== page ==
2. Set the number of key frames next. If the number of key frames is high, the movie will play back at higher quality, but the file size will be larger. With lower keyframe numbers, the video quality may be lower, but the file size will be smaller.
  3. Set the frame rate last. You may get choppy video playback if you set the frame rate to less than 12 frames per second. But higher frame rates create larger file sizes.

Exporting a movie from iMovie HD to iPod:

Want to put your own movies on your iPod? You can with iMovie HD and an iPod with video compatibility (currently Fifth Generation iPod). You also need to have QuickTime 7.0.3 or later and iTunes 6 or later installed—they’re both free downloads! If you’re not sure what iPod model you have, click here.

  • Find out which version of QuickTime you have here or download the latest version from here.
  • Find out which version of iTunes you have here or download the latest version from here.
  • You can also download and install the latest iMovie, QuickTime, and iTunes updates using Software Update.

To export a movie from iMovie HD 6 to your iPod:

  1. In iMovie HD 6, open the movie you want to transfer.
  2. If you only want to transfer a portion of your movie, select the clips you want to transfer in the timeline viewer.
  3. From the Share menu, choose iPod.
  4. Click to select the “Share selected clips only” checkbox if you only want to share clips you selected.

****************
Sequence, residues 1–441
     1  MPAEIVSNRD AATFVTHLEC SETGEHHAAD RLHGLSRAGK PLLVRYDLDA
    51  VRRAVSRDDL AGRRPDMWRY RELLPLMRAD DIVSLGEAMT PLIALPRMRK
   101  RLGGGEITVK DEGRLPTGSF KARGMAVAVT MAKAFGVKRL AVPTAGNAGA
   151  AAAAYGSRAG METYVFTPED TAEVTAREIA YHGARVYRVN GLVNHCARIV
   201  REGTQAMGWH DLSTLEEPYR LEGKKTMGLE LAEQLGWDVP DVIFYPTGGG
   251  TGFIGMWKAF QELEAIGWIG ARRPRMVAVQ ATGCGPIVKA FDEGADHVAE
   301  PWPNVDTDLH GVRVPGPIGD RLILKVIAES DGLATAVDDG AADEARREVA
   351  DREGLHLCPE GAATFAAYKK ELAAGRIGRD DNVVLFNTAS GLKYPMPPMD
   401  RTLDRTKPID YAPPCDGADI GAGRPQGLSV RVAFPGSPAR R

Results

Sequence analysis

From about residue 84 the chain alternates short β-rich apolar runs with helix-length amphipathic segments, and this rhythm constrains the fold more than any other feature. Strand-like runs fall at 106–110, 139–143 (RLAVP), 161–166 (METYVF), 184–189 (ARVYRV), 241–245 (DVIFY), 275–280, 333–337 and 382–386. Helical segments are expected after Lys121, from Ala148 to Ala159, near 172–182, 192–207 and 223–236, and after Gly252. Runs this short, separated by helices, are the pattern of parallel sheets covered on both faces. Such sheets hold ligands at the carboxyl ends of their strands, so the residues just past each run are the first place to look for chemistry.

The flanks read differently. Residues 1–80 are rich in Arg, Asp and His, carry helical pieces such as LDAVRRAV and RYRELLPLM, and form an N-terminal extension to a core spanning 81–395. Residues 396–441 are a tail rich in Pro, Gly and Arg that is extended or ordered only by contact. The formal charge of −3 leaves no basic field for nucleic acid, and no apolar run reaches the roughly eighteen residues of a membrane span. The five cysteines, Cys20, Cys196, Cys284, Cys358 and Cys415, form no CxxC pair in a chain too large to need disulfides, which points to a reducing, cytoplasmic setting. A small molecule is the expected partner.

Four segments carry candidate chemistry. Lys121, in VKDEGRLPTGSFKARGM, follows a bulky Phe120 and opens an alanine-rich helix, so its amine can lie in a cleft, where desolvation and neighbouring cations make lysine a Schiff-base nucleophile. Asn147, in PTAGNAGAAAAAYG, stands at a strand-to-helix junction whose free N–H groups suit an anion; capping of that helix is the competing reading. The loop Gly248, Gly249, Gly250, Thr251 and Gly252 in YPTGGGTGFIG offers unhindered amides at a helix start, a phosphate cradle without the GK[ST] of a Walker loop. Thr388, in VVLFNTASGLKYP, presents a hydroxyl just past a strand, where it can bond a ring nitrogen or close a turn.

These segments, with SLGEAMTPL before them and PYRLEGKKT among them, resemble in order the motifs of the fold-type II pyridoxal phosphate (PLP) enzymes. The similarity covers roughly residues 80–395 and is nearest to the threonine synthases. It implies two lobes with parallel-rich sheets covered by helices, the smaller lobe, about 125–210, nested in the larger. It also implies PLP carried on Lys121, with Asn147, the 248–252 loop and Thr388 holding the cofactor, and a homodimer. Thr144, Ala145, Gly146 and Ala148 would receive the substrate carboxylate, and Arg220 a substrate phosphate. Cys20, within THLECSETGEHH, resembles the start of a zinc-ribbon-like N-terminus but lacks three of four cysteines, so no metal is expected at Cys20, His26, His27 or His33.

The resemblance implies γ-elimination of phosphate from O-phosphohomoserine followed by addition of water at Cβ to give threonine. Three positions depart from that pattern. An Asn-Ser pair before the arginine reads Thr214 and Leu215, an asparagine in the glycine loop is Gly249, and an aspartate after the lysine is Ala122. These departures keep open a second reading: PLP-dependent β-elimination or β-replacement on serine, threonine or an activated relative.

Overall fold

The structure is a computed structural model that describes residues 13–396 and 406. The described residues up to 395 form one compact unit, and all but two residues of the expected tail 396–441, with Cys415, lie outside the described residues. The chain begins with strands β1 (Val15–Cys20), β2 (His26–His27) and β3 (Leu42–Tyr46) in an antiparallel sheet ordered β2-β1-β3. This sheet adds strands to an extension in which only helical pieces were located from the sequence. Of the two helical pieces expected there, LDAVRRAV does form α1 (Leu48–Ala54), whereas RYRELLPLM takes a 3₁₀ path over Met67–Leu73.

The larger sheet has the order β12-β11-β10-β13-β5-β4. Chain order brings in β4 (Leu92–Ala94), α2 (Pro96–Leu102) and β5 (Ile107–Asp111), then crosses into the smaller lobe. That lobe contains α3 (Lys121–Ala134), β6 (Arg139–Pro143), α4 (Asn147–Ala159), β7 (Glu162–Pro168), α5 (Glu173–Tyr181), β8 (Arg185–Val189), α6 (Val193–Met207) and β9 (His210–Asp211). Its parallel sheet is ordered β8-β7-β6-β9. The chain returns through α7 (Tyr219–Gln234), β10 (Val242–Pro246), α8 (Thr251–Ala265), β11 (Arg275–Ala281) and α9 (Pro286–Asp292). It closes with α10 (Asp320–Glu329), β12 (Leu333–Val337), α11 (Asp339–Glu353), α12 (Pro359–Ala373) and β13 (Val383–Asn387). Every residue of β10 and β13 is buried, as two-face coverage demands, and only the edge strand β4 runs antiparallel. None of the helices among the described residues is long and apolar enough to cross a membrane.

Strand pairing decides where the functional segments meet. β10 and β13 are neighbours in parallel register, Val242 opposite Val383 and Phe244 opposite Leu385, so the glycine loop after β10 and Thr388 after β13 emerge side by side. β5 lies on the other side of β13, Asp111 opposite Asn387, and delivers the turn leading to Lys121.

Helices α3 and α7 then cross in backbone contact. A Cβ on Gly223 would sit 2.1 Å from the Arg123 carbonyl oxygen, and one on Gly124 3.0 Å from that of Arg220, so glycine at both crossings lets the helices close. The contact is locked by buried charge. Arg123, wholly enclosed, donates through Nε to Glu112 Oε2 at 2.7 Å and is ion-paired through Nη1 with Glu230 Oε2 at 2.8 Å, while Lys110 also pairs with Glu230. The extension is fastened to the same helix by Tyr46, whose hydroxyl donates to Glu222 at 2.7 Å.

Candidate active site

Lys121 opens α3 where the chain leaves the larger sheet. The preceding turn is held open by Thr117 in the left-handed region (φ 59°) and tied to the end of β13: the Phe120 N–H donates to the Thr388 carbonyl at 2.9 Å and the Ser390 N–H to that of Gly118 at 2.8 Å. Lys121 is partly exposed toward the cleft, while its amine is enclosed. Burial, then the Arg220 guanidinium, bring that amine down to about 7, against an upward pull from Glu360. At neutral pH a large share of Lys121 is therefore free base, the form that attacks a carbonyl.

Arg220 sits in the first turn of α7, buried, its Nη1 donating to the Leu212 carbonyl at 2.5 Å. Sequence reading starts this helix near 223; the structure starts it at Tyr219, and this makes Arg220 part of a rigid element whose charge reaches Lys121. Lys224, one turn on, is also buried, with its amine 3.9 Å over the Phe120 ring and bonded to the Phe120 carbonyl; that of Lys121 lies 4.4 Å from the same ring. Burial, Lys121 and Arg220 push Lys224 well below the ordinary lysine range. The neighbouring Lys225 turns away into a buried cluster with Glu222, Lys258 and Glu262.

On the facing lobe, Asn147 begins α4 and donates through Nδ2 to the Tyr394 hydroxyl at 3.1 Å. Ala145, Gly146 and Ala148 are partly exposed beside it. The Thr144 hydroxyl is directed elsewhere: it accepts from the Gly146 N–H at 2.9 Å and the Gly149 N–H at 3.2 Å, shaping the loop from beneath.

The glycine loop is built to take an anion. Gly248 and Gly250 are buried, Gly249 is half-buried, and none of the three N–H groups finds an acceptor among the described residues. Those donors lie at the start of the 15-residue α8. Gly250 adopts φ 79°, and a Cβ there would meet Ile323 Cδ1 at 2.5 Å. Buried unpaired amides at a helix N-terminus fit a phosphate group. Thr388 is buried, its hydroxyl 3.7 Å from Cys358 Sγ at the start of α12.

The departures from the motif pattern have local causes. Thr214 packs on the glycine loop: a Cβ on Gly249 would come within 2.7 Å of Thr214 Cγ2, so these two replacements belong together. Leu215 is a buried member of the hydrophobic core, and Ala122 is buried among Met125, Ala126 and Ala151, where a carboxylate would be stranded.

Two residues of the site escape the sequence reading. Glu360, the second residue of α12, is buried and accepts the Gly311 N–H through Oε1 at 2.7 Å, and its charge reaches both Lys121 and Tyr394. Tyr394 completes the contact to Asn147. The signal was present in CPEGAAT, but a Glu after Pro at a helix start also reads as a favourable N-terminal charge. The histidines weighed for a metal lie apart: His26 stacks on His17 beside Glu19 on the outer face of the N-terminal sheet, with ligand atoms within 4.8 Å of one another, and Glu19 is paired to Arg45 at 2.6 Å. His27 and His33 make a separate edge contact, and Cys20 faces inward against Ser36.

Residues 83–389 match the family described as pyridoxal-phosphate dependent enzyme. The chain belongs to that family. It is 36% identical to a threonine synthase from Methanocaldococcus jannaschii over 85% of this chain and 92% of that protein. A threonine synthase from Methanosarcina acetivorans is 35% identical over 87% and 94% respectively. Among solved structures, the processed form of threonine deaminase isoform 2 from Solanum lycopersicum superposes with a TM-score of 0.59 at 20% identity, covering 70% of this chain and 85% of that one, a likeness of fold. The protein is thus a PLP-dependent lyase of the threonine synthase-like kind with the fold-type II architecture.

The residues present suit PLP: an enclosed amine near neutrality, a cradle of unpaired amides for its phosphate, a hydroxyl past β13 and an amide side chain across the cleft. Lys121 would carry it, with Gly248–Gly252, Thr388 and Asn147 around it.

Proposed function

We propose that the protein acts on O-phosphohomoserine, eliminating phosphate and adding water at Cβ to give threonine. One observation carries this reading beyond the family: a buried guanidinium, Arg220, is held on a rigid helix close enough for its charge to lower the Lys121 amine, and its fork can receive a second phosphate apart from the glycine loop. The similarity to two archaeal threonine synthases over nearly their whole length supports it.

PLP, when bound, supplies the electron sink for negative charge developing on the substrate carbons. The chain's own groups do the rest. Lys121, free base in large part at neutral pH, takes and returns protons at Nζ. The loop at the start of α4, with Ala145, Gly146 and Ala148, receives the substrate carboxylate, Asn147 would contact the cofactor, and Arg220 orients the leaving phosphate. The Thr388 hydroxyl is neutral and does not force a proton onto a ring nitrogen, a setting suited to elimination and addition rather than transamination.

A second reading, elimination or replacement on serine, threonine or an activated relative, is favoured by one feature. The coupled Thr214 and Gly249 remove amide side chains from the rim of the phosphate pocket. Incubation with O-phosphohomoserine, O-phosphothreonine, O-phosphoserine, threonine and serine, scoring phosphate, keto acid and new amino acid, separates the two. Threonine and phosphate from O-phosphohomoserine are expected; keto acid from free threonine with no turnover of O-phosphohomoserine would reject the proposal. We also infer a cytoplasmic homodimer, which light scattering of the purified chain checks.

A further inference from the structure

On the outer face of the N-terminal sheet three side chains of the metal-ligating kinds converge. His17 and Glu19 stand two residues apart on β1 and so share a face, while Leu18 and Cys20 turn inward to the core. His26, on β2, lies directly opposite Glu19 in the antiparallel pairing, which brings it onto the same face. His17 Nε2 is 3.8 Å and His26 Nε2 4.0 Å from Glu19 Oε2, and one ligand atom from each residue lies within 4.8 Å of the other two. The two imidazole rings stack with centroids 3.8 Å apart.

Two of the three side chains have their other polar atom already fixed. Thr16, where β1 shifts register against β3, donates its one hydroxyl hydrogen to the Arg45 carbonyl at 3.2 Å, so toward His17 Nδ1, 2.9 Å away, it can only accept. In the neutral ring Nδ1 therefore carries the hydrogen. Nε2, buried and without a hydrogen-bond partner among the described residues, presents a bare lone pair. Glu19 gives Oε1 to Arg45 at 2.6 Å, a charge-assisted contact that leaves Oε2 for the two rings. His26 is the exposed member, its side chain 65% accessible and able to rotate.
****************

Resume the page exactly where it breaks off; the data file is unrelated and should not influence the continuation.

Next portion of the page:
5. Click Share.
  6. iMovie HD compresses your movie and saves it to your iTunes library. The time it takes to save the movie depends on the movie’s length.
  7. Open iTunes 6.0 or later, and then sync with your iPod.
  8. For more information about syncing, see the documentation that came with your video-compatible iPod.

To export a movie from iMovie HD 5 to your iPod:

  • Open iMovie HD and create a movie, or open an existing movie in the application.
  • From the File menu, choose Share.
  • Click the QuickTime tab.
  • From the Compress movie for pop-up menu, choose Expert Settings.

  • Click Share.
  • From the Export pop-up menu in the resulting dialog, choose Movie to iPod (320X240).

  • Click Save to start the export process. Depending on the length of your movie, this can take a long time. iMovie uses H.264 compression to create the movie file (video iPod format), which will appear on your hard disk in the location you saved it when iMovie is done. Open the new file in QuickTime Player and play it to make sure it looks as you expect.

  • Open iTunes 6 and drag your new movie file icon to the iTunes library in the Source list. To learn how to browse and view videos in iTunes, click here. Note: iTunes won’t let you drag the movie to the Video playlist, but once you drag it to the Library, it will automatically appear in the Video playlist. You can also drag the video file to a playlist you create or directly to the iPod in the Source list.